J. Paul Getty Museum
J. Paul Getty Museum

Getty Museum and Yale Art Center Release Thousands of Images for Scholars to Study Online

J. Paul Getty Museum
J. Paul Getty Museum

The Getty Museum in Los Angeles and the Yale Center for British Art are making it much easier for scholars (and the public) to compare images of artwork from different museums side-by-side.

The Getty Museum just published 30,000 images using the International Image Interoperability Framework (IIIF), an API that allows researchers to compare images across different collections and institutions so that they can analyze them side-by-side. The release coincides with the publication of 70,000 public domain images from the Yale Center for British Art that are also IIIF-compatible. There are now millions of images from institutions all over the world available to study and compare using this technology.

Screenshot of a listing in the Yale Center for British Art's online collection
Screenshot, Yale Center for British Art

All you have to do is click the IIIF logo (the red and blue logo below the painting in the image above) on an image in the Getty or the Yale Center’s online collections to pull the artwork into the open-source image viewer Mirador. You can drag and drop multiple images from multiple institutions to look at together in Mirador. Other institutions in the IIIF consortium include museums, libraries, universities, archives, and research institutions like the National Library of Norway, the Kyoto University Library Network, the British Library, and ARTstor.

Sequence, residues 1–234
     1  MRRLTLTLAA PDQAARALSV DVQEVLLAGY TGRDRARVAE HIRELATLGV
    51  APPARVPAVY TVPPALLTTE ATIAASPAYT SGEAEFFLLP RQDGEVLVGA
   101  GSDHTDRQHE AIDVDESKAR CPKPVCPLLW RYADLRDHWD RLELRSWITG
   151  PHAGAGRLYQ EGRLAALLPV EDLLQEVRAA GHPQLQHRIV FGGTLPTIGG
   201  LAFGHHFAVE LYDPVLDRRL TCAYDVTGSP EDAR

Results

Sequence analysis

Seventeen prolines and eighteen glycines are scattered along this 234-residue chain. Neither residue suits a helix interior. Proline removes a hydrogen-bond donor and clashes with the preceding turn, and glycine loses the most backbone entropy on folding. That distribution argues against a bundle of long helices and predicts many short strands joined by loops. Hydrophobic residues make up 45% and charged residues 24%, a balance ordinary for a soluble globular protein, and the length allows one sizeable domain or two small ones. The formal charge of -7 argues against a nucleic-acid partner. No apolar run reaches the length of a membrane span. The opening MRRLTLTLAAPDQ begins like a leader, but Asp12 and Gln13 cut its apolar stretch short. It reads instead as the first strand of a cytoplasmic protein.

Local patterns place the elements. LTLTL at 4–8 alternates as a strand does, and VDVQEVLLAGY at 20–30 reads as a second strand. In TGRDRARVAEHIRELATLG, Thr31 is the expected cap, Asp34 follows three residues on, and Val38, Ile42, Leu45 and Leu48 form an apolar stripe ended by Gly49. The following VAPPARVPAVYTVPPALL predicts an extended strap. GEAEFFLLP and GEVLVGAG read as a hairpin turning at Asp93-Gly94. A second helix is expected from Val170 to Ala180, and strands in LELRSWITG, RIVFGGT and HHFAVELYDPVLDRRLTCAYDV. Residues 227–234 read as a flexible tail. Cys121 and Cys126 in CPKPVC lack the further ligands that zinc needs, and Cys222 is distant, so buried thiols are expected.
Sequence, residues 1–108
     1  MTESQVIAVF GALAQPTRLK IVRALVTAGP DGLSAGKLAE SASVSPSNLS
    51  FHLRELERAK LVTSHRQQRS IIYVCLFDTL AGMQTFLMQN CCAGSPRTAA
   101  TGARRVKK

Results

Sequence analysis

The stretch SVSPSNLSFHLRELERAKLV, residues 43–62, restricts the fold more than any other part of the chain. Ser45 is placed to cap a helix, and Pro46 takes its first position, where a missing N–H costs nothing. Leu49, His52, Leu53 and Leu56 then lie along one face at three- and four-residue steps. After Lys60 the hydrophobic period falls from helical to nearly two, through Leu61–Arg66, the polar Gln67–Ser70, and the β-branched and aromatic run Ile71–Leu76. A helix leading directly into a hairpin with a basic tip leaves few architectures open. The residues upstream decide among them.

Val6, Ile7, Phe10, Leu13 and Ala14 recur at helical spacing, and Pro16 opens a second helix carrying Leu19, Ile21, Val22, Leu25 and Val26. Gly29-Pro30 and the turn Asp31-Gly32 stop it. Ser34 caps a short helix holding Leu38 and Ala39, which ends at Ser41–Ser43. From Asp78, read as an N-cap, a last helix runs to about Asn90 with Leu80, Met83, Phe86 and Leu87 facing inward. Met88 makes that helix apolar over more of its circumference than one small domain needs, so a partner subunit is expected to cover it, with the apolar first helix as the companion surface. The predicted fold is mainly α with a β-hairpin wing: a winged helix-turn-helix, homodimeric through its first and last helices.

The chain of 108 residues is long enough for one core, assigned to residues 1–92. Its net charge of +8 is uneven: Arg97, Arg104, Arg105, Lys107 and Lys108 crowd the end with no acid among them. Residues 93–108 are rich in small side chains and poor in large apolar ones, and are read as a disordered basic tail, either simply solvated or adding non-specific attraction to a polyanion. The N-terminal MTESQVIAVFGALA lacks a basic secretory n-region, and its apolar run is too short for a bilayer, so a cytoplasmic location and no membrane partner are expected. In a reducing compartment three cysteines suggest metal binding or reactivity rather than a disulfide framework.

"By adopting the IIIF, our images can now travel beyond the confines of our own website and become fully interoperable with images from other collections, greatly enhancing the ability to pursue research in the digital environment," as the Yale Center’s chief curator of art collections, Matthew Hargraves, explains in a press release [PDF].

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The Tiny Government Office That Will Replace Your Ripped, Burned, and Chewed-Up Cash
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iStock

Cash is designed to be sturdier than regular paper, but it isn't indestructible. A fire, flood, or hungry pet could be all it takes to reduce your emergency savings to a ruined heap of scraps. But just because a bank will no longer accept that money doesn't mean it's worthless. As Great Big Story explains in the video below, there's an entire division of the U.S. Department of Treasury dedicated to reimbursing people for damaged cash.

The Mutilated Currency Division processes roughly 23,000 cases a year, paying out about $40 million annually to replace bills that are no longer fit for circulation. It accepts money in any condition—the only requirement is that the claim must include at least 51 percent of the original note, to avoid reimbursing someone twice for the same bill.

After someone submits a claim for damaged cash, the team examines the bills with scalpels, tweezers, knives, or whatever other tools are necessary to go through the stacks and verify just how much money is there. Bills arrive in varying states: Some have been clumped together and petrified by water, charred in ovens, or chewed up by insects. In one infamous case, a farmer sent in the whole stomach of the cow that had swallowed his wallet.